Belfast Telegraph

World will reach out to aid Japan

The after-effects of the Japanese earthquake and tsunami are virtually beyond words. The more that the news comes in since the disaster occurred on Friday, the worse it gets. Whole towns have been destroyed, railway lines and trains have been swept away, nuclear reactors have been disrupted with all the resultant dangers, and countless people have been killed or injured or forced to flee their homes.

The latest estimates are of thousands dead, and that the value of property destroyed is literally incalculable.

It is most likely that the news can only get worse, and it will be several days still before the full impact of the earthquake and the tsunami will be known.

The Japanese people have been trained from an early age to deal with the effects of earthquakes, but no-one could have been fully prepared for the immensity of this earthquake which was one of the worst on record, anywhere in the world.

As never before, other people around the world have been able to view through television the detailed impact of these terrible events. The latest coverage has brought spectacular pictures of the tsunami which obliterated virtually everything in its path. It has been frightening to watch how cars and lorries have been tossed about like toys, while large buildings have been crushed like matchsticks. The power of nature on the rampage is terrifying, and rarely if ever has this dreadful phenomenon been seen more clearly before our very eyes.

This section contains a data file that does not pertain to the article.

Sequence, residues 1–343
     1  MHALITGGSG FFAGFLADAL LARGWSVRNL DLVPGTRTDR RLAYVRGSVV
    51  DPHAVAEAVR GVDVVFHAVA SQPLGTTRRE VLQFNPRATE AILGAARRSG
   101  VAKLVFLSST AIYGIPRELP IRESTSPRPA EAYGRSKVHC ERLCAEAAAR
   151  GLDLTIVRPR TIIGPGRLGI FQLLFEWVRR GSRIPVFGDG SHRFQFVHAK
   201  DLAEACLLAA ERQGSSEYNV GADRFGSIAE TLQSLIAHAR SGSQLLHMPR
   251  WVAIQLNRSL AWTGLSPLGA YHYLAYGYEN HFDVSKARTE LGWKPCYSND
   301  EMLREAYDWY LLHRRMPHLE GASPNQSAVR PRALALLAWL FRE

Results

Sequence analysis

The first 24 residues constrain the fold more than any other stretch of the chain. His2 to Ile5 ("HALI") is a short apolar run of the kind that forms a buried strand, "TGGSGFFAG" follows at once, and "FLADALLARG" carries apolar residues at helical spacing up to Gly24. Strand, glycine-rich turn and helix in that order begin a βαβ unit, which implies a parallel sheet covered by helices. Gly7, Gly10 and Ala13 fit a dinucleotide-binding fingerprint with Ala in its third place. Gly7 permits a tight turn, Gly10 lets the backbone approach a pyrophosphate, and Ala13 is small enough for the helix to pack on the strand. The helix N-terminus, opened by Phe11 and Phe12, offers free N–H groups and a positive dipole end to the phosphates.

The world community has acted swiftly to bring moral support and practical help as best it can. International leaders have backed up their sympathy with action, and teams of experts from many countries are now involved in the latest rescue efforts and in the recovery of bodies. The people of Japan need all kinds of help, as well as swift technical expertise.

Even though the Japanese economy is strong in comparison to those of many other countries, massive financial help will be needed to restore some semblance of normality.

This will require not only a significant aid from other nations and governments but also the generosity of individuals who want to help in what is turning out to be a massive humanitarian rescue operation. The people of Northern Ireland have played their part in providing help to people caught up in disasters in the past, including the Haiti earthquake and the Asian tsunami of several years ago.

Many lessons need to be learned from the Japanese experience, and not least about the wisdom of building key structures across known fault lines. In the meantime, as the tragedy unfolds, the Japanese people need all the moral and practical support they can get, and the world is ready to help them.

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